So after the Grubergers left, we auditioned nerds from NJ for bass and rhythm guitar, and that sucked, so I had Kenny move up to guitar and share vocals, coz as Afrika Korps’ drummer, he was the best guitarist in the band. Through ads in the Aquarian, we got a drunk Puerto Rican / Italian bassist from Jersey City and an 18-year-old pothead on drums, and played one gig Easter ’78 in Kenny’s basement and that Korps went kaput that night, for other fucked-up reasons. Kenny and I toyed with various names, like the Rabbis, Eddie and the Enemas, but stuck with the Korps for commercial reasons.
The way I see it, when I get out of the Marines, he and I will reunite in Boston, get a rhythm section and do what we can. He wants to record an EP as a follow-up to Hello World, and has talked of Album #3; and Album #4 has to be Korps Alive, so…
Hello World was recorded with just the two of us (stole the idea from White Boy) doing rhythm guitar and drums, then Kenny, technical genius that he is, overdubbed most all the instruments, and me singing a lot, plus gotta add those Slickee Boys (Kim Kane pays for a third of our records, so it’s pretty obvious…)! Since I had only two off-duty weekends a month, it’s like Kenny and I would do sessions every couple of Saturdays and I’d leave all the other bullshit to him to do while I was guarding our country’s defense. I’m still not all that keen on recording; the stage is my forte.
FF: Do you feel Hello World, or at least the Highland-sung tunes, accurately reflects Ken Highland as he is today, what you’re thinking, what you want to do musically, what you’re capable of doing? And how does Martha Hull always get to sing the best cut on any Highland-Kaiser album?
Kenne: Oh, hell, yeah! Even though all the Highland tunes on World, except “Lark” (which is ’72 circa “[Pumpin’ to] Playboy,” “[We’re Gonna] Rumble,” et al.), were 1977 composed, it’s still where I’m at more than the old Giz-Korps stuff. I’m especially proud of the “Do the Touch” / “Designs on You” / “Mad at the World” / “Gotta Be Pretty” sequence, coz I wrote all of them inspired by a week straight of watching the Slickee Boys, when they had Howard Wuelfing. I’d say it’s how I am today – I write a lot of Mersey-Beaters now, inspired by “Heart On,” Graham Gouldman [10cc], and Lennon-McCartney; only I’ll always have that Iggy / Dolls rasp to my voice. What I’m thinking… Well, these Mersey-Beaters are love songs full of pronouns, like the early Beatles, so peeps can’t accuse me of too many inside jokes. My main theme is love now, mostly coz I’ve been six months separated from my wife, and it motivates her to hear love songs inspired by her, though she’s not mentioned by name. What I want to do musically? Well, I’d like to improve the sound, clean it up, but keep the balls. Kaiser and I are like Lennon-McCartney – I have the rough diamond, he polishes it, and we keep the other in check, so as not to out-wimp the other.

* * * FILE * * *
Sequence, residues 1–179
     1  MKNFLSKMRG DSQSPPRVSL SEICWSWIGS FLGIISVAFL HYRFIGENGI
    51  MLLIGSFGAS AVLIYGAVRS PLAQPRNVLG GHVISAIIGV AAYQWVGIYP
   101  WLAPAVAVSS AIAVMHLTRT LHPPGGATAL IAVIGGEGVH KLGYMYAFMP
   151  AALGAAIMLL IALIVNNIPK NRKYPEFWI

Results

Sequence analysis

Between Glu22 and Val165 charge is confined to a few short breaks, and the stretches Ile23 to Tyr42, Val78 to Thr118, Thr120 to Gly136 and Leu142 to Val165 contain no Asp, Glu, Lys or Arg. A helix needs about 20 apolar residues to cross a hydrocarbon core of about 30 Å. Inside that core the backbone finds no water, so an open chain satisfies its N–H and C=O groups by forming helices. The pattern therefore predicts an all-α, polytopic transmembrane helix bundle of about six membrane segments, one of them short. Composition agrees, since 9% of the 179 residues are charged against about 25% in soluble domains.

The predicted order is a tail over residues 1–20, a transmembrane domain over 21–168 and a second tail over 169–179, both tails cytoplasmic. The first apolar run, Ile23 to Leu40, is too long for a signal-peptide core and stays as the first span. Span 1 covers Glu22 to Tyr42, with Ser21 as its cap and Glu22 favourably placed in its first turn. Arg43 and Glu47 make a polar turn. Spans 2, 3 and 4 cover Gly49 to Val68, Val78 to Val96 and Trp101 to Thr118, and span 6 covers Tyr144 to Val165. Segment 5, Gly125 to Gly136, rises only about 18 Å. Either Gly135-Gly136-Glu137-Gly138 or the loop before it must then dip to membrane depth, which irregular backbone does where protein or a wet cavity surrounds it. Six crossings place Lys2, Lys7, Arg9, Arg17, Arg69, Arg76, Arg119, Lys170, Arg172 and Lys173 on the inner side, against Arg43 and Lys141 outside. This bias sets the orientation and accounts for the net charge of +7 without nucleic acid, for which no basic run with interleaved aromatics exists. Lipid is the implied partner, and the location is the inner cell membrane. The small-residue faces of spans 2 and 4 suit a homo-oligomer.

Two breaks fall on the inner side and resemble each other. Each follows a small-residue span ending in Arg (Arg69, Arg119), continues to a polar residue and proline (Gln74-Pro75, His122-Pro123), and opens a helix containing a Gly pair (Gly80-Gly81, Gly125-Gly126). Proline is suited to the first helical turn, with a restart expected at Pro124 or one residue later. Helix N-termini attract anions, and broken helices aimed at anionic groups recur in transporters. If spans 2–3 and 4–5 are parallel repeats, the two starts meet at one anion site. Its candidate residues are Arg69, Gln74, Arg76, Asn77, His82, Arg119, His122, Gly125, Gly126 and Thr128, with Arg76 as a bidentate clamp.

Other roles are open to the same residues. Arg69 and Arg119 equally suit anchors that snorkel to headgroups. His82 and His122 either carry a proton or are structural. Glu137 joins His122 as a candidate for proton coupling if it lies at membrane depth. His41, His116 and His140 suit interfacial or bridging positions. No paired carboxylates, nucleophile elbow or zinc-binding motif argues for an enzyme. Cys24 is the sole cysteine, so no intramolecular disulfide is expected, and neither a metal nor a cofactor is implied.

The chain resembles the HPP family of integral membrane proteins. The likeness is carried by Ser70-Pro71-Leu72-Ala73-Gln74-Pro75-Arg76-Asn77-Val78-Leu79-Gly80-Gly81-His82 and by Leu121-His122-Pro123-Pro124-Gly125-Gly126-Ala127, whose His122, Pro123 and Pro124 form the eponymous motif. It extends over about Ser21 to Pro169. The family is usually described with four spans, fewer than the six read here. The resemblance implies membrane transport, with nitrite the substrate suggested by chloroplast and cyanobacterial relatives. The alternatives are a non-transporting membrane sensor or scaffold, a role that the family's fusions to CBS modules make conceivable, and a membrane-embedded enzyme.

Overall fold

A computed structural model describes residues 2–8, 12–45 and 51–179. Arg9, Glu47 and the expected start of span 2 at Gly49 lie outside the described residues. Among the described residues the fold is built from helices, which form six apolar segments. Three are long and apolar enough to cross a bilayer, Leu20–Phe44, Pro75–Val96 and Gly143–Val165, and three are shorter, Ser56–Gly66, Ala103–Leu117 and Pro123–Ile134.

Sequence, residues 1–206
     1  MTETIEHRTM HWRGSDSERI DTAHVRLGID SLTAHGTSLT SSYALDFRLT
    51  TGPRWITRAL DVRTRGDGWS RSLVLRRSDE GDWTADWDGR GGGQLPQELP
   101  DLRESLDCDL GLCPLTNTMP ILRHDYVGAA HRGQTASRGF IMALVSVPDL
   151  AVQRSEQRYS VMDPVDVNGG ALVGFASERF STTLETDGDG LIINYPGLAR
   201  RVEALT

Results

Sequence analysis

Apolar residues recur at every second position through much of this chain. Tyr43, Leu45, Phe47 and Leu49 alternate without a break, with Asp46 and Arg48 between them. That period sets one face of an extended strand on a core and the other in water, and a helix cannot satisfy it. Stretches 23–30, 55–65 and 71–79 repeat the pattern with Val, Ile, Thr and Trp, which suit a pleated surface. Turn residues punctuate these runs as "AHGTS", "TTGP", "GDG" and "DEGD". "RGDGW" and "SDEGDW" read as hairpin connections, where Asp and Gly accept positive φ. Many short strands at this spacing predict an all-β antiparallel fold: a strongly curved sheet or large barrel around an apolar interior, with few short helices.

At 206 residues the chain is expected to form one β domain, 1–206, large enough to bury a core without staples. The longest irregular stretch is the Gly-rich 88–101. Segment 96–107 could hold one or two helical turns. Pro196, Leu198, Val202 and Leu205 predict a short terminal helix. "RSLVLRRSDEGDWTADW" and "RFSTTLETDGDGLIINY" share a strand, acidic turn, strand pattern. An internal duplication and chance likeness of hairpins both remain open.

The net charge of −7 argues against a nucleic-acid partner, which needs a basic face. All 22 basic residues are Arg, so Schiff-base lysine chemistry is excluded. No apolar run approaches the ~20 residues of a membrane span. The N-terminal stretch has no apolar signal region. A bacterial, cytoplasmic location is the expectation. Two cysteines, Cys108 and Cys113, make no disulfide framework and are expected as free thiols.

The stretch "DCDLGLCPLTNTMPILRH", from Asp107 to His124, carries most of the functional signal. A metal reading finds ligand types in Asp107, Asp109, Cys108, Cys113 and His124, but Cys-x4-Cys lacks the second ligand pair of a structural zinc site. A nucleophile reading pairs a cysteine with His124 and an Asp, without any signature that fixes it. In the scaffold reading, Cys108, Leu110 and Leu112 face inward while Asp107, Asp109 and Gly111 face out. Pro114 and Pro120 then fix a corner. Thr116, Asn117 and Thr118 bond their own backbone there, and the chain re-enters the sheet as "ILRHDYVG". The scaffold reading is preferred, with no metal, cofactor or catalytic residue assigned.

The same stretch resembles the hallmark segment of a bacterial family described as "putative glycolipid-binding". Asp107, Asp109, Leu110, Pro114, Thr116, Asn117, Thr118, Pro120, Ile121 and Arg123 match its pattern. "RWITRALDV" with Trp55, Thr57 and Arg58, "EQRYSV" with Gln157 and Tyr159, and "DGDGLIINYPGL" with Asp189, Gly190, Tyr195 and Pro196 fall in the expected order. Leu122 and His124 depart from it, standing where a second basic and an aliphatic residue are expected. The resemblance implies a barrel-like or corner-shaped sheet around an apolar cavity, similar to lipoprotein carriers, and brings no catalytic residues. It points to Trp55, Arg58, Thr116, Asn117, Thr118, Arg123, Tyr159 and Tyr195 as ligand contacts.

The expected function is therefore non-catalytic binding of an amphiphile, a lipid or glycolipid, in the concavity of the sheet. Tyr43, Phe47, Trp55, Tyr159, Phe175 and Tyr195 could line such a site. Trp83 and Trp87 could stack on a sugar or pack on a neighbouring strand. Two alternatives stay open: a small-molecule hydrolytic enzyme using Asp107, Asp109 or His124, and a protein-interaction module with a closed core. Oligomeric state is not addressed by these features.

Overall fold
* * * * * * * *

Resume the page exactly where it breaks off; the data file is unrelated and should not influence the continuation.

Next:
As for what I’m capable of doing – well, you can hear the difference (Michael Miller, who co-authored “Amerika First” says Hello World sounds like Sgt. Pepper’s compared to the last LP [Music to Kill By]), but it can still get better, though a lot of it’s Kaiser’s doing. And the reasons Martha Hull always gets to sing the best songs on any Highland-Kaiser LP is because she makes it the best song on the LP; that chick can sing! [youtube.com/watch?v=mRy9BPn3au8]
FF: What’s your next musical step? Do you have any plans to do any more recordings during the rest of your Marine hitch? Do you think you’ll be making a career out of rock’n’roll when you get out, or will it remain an all-consuming hobby?
Kenne: I plan to get the fuck out of the Marines, and again, don’t look back; get with Kaiser, get with a band, and get famous! Linda is behind me 100 percent for a musical career.
FF: Now that you’re a married man, do you think that after you’re out of the Marines you’ll settle down to a nice cozy, middle-class existence like a “normal person?” If so, will Krazee Ken still be krazee; will you still be doing songs like “Gimme Back My Foreskin” and “Nobody’s Girl,” or will you vegetate into a prematurely middle-aged mellow FMer?
Kenne: Now, goddammit, too many think that coz you’re married, you gotta get a job, have a million baby Kennes with big smiles and big heads…bullshit! Muthafucka, I’ll be rockin’ like Chuck Berry and Jerry Lee and Link Wray when I’m fifty. Course, I won’t be doing “[Gimme Back My] Foreskin” / “Girl” type tunes – that was ’76; this is ’80! Naw, I see myself being like the AM stars of now, who were FM stars when I started. Like Bob Seeger – he commercialized just enough to get famous, but still screams and goes wild. Ditto KISS. When Bill Rowe and I saw Black Sheep our senior year, he said, “Ken, I like what Black Sheep is doing – that’s what we should do.” I said, “You’re fuckin’ crazy! We gotta be like Iggy and Alice and the Dolls and go wild and shit.” Guess I was wrong, huh?